This can be achieved by raising a kind of societal awareness of women leadership. When women do reach decision-making positions, especially now that there is a critical mass of female representation, their ideas and contributions are often overlooked. So you do this by educating the populace to jettison the norm that women should not be seen or heard, some kind of beliefs that women are to be kept indoor and that it is a taboo for a woman to lead. When we canvass for support and get awareness through jingles, put efforts in social media, electronic and print, this will in turn have impact on the psyche of an average Nigerian person or leader to believe in women leadership not only being a women leader, but the representation of women.

What is your advice to women in Nigeria in view of the coming general election?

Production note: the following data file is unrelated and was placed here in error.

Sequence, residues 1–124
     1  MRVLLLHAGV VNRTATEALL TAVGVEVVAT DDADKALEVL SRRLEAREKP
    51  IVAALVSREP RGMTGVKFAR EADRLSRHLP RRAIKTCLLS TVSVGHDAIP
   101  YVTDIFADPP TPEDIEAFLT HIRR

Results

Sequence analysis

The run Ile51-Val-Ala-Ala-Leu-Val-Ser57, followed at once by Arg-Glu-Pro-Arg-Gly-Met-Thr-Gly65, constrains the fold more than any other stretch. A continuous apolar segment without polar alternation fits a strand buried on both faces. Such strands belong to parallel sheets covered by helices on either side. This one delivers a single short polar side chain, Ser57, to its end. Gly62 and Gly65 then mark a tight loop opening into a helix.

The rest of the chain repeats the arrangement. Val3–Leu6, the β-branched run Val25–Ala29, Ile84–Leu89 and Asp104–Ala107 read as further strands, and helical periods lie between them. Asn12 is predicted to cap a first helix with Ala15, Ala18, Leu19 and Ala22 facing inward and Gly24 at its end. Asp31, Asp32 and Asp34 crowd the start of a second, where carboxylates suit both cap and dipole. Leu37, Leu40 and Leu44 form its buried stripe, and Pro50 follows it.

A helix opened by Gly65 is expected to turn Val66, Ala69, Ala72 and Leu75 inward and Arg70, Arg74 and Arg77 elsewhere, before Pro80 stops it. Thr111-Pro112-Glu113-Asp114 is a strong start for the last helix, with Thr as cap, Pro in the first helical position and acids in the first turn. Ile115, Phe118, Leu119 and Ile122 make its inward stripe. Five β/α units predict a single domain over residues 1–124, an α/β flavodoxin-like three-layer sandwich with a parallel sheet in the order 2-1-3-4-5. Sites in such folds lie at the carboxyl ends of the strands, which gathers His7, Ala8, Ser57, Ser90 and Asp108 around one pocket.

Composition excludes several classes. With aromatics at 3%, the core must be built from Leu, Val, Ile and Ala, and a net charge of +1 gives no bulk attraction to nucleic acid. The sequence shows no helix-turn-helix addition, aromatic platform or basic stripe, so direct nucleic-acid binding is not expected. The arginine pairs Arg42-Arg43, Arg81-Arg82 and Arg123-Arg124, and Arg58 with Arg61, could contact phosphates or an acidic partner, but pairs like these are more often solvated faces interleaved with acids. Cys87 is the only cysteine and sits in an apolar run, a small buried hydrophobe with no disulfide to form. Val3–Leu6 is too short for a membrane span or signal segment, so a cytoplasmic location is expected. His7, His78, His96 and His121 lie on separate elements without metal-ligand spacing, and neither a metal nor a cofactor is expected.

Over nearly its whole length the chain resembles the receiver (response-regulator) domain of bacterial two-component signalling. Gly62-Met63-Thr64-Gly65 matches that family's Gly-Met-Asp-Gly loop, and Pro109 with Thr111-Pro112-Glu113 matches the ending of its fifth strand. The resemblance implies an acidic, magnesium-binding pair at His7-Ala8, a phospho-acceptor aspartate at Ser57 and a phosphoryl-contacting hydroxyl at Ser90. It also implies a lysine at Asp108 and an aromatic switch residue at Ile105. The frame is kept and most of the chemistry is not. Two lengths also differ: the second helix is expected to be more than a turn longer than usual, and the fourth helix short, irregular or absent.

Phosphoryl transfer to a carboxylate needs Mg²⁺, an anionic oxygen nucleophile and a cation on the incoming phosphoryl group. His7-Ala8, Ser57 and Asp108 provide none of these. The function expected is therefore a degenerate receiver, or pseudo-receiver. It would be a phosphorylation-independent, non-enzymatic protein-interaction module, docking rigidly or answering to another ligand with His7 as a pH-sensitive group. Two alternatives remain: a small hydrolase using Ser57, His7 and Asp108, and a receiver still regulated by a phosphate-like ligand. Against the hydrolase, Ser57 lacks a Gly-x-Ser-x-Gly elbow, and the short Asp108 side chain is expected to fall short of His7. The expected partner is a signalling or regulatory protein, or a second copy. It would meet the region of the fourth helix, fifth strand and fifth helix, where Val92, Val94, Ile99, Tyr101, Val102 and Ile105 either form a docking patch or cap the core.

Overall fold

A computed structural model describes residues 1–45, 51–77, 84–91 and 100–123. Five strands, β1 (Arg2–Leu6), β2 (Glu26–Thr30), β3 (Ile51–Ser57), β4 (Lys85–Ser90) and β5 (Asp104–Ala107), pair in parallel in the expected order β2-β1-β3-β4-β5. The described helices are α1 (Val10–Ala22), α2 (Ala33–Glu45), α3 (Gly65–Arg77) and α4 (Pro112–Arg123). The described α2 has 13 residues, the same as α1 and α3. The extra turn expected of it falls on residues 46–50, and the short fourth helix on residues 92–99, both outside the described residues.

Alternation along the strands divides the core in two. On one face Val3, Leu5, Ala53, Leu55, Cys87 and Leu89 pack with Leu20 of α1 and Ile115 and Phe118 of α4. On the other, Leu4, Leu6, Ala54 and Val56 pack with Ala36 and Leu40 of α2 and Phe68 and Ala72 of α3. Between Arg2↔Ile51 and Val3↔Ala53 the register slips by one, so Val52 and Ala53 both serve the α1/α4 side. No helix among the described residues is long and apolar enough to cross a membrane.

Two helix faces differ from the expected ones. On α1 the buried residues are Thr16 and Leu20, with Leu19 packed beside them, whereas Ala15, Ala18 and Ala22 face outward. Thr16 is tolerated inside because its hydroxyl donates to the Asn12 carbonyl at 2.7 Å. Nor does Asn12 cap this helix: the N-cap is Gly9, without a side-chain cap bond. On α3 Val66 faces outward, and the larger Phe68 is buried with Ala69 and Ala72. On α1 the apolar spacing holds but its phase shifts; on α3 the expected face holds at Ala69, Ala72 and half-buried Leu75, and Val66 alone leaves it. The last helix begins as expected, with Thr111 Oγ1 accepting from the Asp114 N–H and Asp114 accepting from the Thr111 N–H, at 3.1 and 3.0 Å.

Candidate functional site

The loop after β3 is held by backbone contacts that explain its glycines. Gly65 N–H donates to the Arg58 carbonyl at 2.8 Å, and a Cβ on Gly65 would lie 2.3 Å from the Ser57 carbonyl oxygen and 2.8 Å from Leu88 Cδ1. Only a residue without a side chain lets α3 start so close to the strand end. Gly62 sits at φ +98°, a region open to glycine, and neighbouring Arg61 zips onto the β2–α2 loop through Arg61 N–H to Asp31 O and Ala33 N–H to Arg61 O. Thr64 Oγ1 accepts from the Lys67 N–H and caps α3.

There are governments, individuals or private organisations that train legislators on how to engage with the media and also how to engage in political space and not be vulnerable. The media savvy positions are important vanguard of women leadership also. Then they should also look through political parties, network with the leadership. They must also look for a woman who is like a pillar, an icon, who has stood the test of time and have the experience. Then they would discuss cross party caucuses, which should be formed irrespective of political affiliations. People Democratic Party (PDP) for 16 years have been in leadership in this country, so they have more of the women populated in leadership that have experience. So there should be cross parties or intra parties kind of caucuses which I am moving toward now.